DATE: Thursday, February 19, 2004
TIME: Noon - 1 pm
PLACE: Wean Hall 8220

John Linwood Griffin

Making Better Use of Storage in Computer Systems
(via explicit information sharing across the storage interface)

The interface between operating systems and peripheral components (such as locally-attached storage devices) is often a demarcation point in computer systems: system designers typically provide for isolated computational hardware and data management on each side of the interface. My research argues the advantages of explicit information sharing across this narrow junction: packaging and exporting select characteristics from each side--in effect, sharing additional information across the existing communication paths--provides opportunities to enhance data management, peripheral efficiency, and overall system functionality. In this way, the complete system becomes greater than the sum of its parts.

In this talk I describe two of my recent projects toward this ideal: track-aligned extents and storage-based intrusion detection systems (IDSes). (1) Track-alinged extents allow OSes to match disk access patterns to the characteristics of modern disk drives. By allocating and accessing related data on disk track boundaries, a system can avoid most rotational latency and track crossing overheads--which can account for a substantial fraction of a request's service time. (2) Storage-based IDSes provide a unique vantage point for auditing storage accesses: a storage device sees all changes to persistently stored data, allowing it to watch for data modifications characteristic of system intrusions and to issue alerts to an administrator about the corresponding client systems.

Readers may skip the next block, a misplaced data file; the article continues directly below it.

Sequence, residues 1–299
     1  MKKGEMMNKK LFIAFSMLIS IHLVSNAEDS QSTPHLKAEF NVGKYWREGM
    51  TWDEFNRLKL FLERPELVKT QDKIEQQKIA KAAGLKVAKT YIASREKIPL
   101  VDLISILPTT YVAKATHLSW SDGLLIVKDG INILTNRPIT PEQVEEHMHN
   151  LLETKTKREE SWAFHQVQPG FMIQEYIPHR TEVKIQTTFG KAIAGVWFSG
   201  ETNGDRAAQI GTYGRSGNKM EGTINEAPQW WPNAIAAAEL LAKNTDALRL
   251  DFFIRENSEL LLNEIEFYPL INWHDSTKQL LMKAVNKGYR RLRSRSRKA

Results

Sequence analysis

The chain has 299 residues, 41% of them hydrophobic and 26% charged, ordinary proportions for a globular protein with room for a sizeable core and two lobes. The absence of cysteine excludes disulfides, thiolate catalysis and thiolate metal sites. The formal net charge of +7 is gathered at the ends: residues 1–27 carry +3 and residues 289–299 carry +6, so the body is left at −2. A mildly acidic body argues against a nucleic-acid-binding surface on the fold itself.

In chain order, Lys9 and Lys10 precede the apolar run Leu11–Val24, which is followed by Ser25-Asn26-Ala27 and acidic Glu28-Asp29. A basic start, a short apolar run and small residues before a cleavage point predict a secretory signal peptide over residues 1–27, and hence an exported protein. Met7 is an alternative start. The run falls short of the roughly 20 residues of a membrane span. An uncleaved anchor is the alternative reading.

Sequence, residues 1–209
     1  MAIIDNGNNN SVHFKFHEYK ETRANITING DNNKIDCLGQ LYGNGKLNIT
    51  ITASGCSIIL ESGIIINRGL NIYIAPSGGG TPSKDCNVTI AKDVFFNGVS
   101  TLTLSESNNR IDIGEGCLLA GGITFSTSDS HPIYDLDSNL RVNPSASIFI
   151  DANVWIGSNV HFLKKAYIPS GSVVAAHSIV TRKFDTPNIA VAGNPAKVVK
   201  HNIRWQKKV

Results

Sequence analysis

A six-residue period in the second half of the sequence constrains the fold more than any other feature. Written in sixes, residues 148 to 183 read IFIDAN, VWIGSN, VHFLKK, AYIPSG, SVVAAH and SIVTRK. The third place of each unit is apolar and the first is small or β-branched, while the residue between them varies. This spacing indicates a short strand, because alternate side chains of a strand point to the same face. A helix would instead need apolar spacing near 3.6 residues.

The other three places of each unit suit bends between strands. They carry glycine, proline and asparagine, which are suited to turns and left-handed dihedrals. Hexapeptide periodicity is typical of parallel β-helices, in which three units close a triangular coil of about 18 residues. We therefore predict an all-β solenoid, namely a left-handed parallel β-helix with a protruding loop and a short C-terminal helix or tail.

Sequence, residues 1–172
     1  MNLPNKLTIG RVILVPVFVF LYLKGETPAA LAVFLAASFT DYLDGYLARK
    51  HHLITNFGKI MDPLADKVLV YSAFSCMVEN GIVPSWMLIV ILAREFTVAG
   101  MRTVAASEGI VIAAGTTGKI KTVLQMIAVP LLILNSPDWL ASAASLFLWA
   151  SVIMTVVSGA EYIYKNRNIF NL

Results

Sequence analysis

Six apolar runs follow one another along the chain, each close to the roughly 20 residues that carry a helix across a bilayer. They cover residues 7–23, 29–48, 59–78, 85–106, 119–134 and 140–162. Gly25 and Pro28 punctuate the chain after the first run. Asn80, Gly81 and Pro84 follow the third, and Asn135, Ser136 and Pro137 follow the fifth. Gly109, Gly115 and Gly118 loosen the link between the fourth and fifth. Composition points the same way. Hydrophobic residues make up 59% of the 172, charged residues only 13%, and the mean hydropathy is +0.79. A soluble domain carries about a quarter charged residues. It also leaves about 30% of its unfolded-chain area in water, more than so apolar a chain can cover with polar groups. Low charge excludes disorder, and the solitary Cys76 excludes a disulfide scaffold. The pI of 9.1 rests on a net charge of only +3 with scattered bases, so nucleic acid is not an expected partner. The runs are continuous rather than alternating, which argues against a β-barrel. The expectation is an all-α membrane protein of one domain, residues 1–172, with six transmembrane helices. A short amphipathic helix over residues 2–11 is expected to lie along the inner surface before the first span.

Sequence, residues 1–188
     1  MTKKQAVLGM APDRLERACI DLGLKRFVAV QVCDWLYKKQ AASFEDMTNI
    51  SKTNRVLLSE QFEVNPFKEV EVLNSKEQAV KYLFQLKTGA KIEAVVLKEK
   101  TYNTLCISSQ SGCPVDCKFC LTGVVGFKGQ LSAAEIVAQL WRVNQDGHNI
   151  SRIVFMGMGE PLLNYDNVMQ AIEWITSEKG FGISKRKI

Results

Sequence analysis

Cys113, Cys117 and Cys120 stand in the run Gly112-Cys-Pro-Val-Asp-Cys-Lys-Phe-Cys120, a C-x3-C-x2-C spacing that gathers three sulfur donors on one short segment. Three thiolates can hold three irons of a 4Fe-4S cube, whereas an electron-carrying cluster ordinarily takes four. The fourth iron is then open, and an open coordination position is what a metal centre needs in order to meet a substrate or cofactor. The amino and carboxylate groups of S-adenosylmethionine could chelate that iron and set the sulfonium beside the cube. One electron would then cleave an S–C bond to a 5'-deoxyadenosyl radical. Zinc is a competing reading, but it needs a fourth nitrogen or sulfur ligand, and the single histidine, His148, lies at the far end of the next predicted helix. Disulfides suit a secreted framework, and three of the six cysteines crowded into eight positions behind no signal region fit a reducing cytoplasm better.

Doctoral candidate John Linwood Griffin is a student of Greg Ganger with the Parallel Data Laboratory at Carnegie Mellon. By day he has broad interests in engineering and technology, including his current research involving the interaction of computer systems with disk drives and novel storage devices. By night he prowls the streets of steeltown, singing baritone with the Mendelssohn Choir of Pittsburgh and the Pittsburgh Symphony, deftly cooking up quality gourmet meals for his quality friends, and reminiscing about having grown up in the Deep South in the wayward days of yesteryear. Mr. Griffin holds computer engineering degrees from Auburn (B.C.E., 1998) and Carnegie Mellon (M.S., 2000). He is a recipient of the NSF Graduate Fellowship Award and the Intel Foundation Ph.D. Fellowship Award.

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